There seem to be lots of papers discussing the functional programming paradigm terminology for Haskell, such as monad, category theory, lambda calculus, *morphism, etc. People study concepts and theory derived from haskell in depth.

Is there any programming language theory (PLT) research on the Mathematica paradigm (such as rule-based system, term-rewriting, and other mechanisms MMA uses)? How do contemporary PLT-ers think about Mathematica?

It seems that they often omit Mathematica to some degree. Honestly, I don't know much about Haskell, but I also can't imagine that Mathematica is completely missing some crucial aspect of programming theory that makes it that much inferior.

Also, if the truth is "no, there aren't!, MMA is fine and perfect!", then why aren't there as many papers as for Haskell talking about the Mathematica programming language?

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    $\begingroup$ An opinion here... I think the reason why you see lots of language research articles on languages such as Haskell is because it's very much an academically designed language, and as such a clean one. Most languages are either boring, or "dirty", mixing paradigms in ways language theorists sneer at. WL is definitely "dirty" in this sense, even if it gets things done. It's functional, but not purely so. It's term-rewriting, but surely imagining everything you see is really term rewriting is unrealistic. And it's not as popular as C, whose troubles get attention due to it. And it's proprietary. $\endgroup$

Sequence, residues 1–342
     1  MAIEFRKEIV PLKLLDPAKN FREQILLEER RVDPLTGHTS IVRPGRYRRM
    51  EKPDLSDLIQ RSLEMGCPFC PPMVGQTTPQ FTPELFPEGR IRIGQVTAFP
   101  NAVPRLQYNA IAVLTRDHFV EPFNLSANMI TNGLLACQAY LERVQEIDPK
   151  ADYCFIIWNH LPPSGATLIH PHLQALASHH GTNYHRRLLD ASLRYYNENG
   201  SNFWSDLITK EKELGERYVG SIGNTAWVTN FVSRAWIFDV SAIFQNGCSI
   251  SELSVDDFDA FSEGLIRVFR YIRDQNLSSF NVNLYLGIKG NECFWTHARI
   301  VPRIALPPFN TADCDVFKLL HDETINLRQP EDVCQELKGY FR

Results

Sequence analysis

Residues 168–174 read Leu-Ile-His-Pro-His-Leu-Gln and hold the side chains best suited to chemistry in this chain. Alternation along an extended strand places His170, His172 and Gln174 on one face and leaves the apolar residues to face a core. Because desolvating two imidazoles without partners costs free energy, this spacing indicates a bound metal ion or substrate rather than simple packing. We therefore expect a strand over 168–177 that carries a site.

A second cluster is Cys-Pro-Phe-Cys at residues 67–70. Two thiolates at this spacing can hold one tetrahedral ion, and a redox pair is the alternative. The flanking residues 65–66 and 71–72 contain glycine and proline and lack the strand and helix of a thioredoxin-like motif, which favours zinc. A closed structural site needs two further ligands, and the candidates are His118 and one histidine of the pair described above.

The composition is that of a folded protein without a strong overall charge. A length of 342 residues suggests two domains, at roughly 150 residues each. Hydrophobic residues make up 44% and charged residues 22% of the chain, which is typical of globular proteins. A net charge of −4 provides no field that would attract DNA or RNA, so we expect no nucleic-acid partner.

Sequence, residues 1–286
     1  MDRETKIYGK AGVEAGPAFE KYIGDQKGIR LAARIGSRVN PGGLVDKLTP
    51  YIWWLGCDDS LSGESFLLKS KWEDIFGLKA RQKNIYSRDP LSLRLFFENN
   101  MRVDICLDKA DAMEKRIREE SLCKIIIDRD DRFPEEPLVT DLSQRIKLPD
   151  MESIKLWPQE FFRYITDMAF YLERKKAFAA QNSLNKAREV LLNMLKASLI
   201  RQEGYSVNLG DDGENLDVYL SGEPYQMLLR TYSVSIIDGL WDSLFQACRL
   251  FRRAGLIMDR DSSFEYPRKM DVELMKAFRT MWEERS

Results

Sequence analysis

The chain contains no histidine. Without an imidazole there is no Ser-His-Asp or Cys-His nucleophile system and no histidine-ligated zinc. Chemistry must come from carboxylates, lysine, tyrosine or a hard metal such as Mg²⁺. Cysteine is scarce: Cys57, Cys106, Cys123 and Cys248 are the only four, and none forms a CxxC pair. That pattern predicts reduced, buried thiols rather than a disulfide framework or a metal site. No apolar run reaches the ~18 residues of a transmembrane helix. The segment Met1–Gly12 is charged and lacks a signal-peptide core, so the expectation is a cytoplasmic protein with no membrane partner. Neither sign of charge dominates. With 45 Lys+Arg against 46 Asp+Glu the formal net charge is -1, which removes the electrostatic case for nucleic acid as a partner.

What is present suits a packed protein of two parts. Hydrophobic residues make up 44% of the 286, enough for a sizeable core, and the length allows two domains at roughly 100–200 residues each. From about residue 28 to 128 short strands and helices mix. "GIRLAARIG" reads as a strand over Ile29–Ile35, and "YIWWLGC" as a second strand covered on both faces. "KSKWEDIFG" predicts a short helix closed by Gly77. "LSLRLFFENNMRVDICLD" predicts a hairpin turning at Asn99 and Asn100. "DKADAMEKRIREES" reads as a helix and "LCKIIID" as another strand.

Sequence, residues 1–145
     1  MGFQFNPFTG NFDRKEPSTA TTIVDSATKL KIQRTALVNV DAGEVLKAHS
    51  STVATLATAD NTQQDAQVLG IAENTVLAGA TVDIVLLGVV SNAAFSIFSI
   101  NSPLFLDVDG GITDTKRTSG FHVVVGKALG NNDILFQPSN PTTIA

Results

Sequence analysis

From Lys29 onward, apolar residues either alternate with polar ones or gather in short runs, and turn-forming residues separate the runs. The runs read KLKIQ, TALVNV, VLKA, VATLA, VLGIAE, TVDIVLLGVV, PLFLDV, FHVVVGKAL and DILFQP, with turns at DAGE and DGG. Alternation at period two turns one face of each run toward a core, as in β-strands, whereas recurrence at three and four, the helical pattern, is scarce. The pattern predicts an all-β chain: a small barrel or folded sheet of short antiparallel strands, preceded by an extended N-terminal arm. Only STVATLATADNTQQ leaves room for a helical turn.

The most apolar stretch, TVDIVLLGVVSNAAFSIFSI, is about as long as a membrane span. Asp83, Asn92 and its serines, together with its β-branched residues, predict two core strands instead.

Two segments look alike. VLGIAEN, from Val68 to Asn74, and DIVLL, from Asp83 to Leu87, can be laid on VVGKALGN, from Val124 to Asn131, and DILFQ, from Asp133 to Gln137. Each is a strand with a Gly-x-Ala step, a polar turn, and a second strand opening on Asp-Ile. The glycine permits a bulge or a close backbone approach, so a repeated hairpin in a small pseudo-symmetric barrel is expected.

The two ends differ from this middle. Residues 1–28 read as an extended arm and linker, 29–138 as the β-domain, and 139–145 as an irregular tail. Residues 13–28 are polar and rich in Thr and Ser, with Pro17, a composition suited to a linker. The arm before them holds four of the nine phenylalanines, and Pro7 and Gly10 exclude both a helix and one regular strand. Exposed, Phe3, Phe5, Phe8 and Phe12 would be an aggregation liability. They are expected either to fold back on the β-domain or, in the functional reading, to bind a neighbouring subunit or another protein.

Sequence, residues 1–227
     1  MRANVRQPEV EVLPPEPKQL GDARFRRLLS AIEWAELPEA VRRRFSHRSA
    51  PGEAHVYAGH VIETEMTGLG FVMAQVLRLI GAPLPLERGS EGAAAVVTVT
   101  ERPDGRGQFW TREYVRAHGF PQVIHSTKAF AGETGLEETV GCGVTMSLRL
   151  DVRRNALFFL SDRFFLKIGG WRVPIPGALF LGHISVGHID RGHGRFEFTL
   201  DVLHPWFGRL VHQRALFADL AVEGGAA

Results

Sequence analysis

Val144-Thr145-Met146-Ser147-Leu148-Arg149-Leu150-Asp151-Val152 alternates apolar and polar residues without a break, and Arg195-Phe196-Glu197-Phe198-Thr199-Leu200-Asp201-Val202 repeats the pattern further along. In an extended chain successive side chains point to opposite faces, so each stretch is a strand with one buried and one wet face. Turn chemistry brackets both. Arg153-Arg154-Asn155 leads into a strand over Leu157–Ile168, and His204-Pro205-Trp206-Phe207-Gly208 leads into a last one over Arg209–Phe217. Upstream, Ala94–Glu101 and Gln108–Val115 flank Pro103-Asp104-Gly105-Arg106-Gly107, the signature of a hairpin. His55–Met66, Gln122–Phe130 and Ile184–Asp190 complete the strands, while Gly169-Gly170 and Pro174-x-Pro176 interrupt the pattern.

– kirma
    Commented Apr 18, 2016 at 17:47
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    $\begingroup$ Yes, about the MAUDE system, and term rewriting in general. But I'm not aware of anything about Mathematica specifically. BTW, you should specify that "PLT" means "programming language technology". $\endgroup$ Commented Apr 18, 2016 at 17:48
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    $\begingroup$ And to top all of it, I think there's no formal definition of crucial parts, such as the term rewriting logic which is mostly intuitive, but a bit of a proprietary, closed-source black box. That's something to sneer at, even if it works. $\endgroup$
    – kirma
    Commented Apr 18, 2016 at 17:50
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    $\begingroup$ I believe Roman Maeder and his group did some work on this while at the ETH. $\endgroup$
    – user21
    Commented Apr 18, 2016 at 20:42
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    $\begingroup$ Somehow, I have a feeling that there is a strong correlation between the volume of research and the availability of at least one compiler for a full language, for the mainstream languages at least. This is probably another way to say what @kirma stated, because availability of the compiler implies certain degree of rigor in the language spec. Also, this seems to be a necessary but not sufficient condition - there are certainly languages which have compilers but aren't so fascinating to do research about (my gut feeling is that C++ can be an example here). $\endgroup$ Commented Apr 18, 2016 at 23:04


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